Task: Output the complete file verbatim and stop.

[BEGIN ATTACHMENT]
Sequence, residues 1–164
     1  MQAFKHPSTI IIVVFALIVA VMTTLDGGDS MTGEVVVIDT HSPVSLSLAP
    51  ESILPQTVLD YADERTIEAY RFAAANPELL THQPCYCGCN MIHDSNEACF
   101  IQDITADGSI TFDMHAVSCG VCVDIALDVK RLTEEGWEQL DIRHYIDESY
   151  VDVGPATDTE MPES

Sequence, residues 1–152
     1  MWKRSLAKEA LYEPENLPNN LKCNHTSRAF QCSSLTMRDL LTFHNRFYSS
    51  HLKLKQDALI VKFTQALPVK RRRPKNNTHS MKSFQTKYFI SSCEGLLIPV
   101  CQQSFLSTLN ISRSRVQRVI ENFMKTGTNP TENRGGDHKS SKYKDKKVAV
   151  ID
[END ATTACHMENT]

Sequence, residues 1–164
     1  MQAFKHPSTI IIVVFALIVA VMTTLDGGDS MTGEVVVIDT HSPVSLSLAP
    51  ESILPQTVLD YADERTIEAY RFAAANPELL THQPCYCGCN MIHDSNEACF
   101  IQDITADGSI TFDMHAVSCG VCVDIALDVK RLTEEGWEQL DIRHYIDESY
   151  VDVGPATDTE MPES

Sequence, residues 1–152
     1  MWKRSLAKEA LYEPENLPNN LKCNHTSRAF QCSSLTMRDL LTFHNRFYSS
    51  HLKLKQDALI VKFTQALPVK RRRPKNNTHS MKSFQTKYFI SSCEGLLIPV
   101  CQQSFLSTLN ISRSRVQRVI ENFMKTGTNP TENRGGDHKS SKYKDKKVAV
   151  ID